Nashville Predators: Battle of Goaltenders Looms Large in Arizona Series

Goaltender Darcy Kuemper #35 of the Arizona Coyotes protects the net as Austin Watson #51 of the Nashville Predators (Photo by Christian Petersen/Getty Images)
Goaltender Darcy Kuemper #35 of the Arizona Coyotes protects the net as Austin Watson #51 of the Nashville Predators (Photo by Christian Petersen/Getty Images) /

The Nashville Predators have some distinct advantages on paper over the Arizona Coyotes, but in net there’s a lot more uncertainty.

With hockey getting closer and closer to returning, it’s time to start analyzing the first opponent for the Nashville Predators as they’ll face the Arizona Coyotes on August 2 in the quest for their first Stanley Cup.

This will mark the first game for the Predators since March 10 when they defeated the Montreal Canadiens and seized the final wildcard spot, which gives them the No.6 seed in the 24-team playoff format.

A big reason why the Predators were riding a hot streak was due to more reliable play in net from Juuse Saros, and more defensively sound hockey in front of the net as well.

The NHL has announced that the teams in the qualifying round will get credit in the record books for making the postseason and amassing postseason stats.

Turning a disadvantage into an advantage

With this all in mind, it’s time to really start looking at the Arizona Coyotes and what challenges they’ll bring to the Predators. The biggest one by far is their sturdy goaltending duo of Darcy Kuemper and Antti Raanta.

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The Predators have a solid duo of their own with Pekka Rinne and Saros, but there’s no questioning that the Coyotes have the more trustworthy duo in net.

Both Kuemper and Raanta had regular season save percentages over 92, with Raanta appearing in four more games than Kuemper. Their numbers are very similar, and both equally impressive.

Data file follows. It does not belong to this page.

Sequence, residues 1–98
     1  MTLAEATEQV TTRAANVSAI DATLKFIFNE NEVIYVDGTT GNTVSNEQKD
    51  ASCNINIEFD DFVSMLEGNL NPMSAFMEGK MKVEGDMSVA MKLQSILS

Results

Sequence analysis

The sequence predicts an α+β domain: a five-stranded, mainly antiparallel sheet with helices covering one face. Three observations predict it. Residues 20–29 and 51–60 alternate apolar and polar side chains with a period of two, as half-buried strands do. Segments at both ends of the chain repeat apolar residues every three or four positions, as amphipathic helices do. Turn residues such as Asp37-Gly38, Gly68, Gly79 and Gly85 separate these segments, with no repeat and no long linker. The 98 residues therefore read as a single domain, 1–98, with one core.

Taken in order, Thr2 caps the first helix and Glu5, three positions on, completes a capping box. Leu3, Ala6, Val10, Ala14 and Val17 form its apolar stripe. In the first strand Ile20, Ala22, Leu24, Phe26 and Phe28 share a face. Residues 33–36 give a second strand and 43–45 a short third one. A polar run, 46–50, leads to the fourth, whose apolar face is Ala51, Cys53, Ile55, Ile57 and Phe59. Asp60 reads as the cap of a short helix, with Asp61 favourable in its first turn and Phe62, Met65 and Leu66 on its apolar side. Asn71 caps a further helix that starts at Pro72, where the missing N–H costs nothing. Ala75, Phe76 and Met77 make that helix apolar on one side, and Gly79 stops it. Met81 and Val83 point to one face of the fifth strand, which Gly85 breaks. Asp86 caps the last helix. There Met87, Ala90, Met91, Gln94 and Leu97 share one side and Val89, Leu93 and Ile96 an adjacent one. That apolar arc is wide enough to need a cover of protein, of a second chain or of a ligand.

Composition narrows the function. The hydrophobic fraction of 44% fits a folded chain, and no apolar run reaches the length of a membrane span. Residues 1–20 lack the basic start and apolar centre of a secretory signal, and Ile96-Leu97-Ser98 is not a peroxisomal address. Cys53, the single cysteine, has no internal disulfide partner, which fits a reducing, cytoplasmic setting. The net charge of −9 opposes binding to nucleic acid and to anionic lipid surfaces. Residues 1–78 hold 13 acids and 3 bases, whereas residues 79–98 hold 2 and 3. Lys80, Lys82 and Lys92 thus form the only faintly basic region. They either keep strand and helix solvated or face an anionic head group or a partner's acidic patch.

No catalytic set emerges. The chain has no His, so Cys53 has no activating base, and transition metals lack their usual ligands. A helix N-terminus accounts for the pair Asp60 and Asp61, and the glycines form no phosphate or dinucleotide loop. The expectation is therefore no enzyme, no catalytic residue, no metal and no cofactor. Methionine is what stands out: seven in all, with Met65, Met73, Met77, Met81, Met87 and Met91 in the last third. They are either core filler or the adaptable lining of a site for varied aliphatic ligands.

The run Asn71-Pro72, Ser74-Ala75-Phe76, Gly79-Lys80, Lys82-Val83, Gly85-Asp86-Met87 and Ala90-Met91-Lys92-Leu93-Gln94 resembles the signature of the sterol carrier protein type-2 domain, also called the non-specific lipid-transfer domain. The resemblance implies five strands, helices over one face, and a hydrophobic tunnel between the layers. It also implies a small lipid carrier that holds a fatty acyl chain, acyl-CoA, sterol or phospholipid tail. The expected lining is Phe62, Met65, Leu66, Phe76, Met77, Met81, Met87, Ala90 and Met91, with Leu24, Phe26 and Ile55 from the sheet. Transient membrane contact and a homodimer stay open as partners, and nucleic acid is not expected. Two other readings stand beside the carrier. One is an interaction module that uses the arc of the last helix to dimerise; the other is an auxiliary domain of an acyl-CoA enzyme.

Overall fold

In this matchup you have two teams that have to make a tough decision on which goaltender they want to start respectively in Game 1 of a best-of-five series. There’s very little room for error in such a short series, and going with the wrong goaltender as your starter in Game 1 could be cataclysmic.

This is a major area where I have the Coyotes with the slight edge over the Predators, and it’s widely considered the most important area in playoff hockey. This doesn’t bode well for the Predators, and makes the decision between Rinne or Saros all the more important.

With this in mind, I’m gradually leaning away from Saros and more towards Rinne as the Game 1 starter. I want the starter to be a guy who has loads of experience in high-pressure playoff situations, and Rinne has that unequivocally over Saros.

The last time these two teams met was back on December 23, which was a 3-2 Predators win. Raanta gave up three goals on 41 Nashville shots.

The only other meeting was back in October when the Coyotes blasted the Predators 5-2, and Kuemper started that game and finished with 23 saves on 25 shots faced. He didn’t have to be particularly sharp in that game for Arizona to get the win.

The key to the series

Overall the Predators are the more talented team with more star power and better offensive skills to get hot at the right time. The problem is that outstanding goaltending can neutralize all of that firepower, and Arizona has that with both of their potential starters.

Can the Predators match that with Rinne or Saros? That’s why this is the key area that makes me pump the brakes on pegging the Predators as a safe bet to advance past the qualifying round.

However, if the Predators choose to go with Rinne and he comes back refreshed and ready to be classic Pekka Rinne, then the Predators should be able to put up enough offensive production to outmatch a much more average offensive attack from Arizona.

Furthermore, the Predators can’t waste away power play opportunities. It’s going to be difficult to score on Arizona at even strength. They’re a very disciplined and rugged defensive team. They’re top-five in penalty killing, while also serving the fewest amount of penalty minutes in the NHL.

So in other words, the Predators have to take advantage of possibly the very few power play opportunities they’re going to get. You can’t hang your goaltender out to dry by not giving them goal support and not capitalizing with the man advantage.

The result of this qualifying series between Nashville and Arizona will largely come down to making the right decision on a Game 1 starter from both teams. This is an area the Predators have to turn a perceived disadvantage into a distinct advantage once the puck is officially dropped.

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No exact broadcast times have been released, but the scheduled dates of each game has been released and you can check it out right here. There will be a back-to-back situation for Games 2 and 3.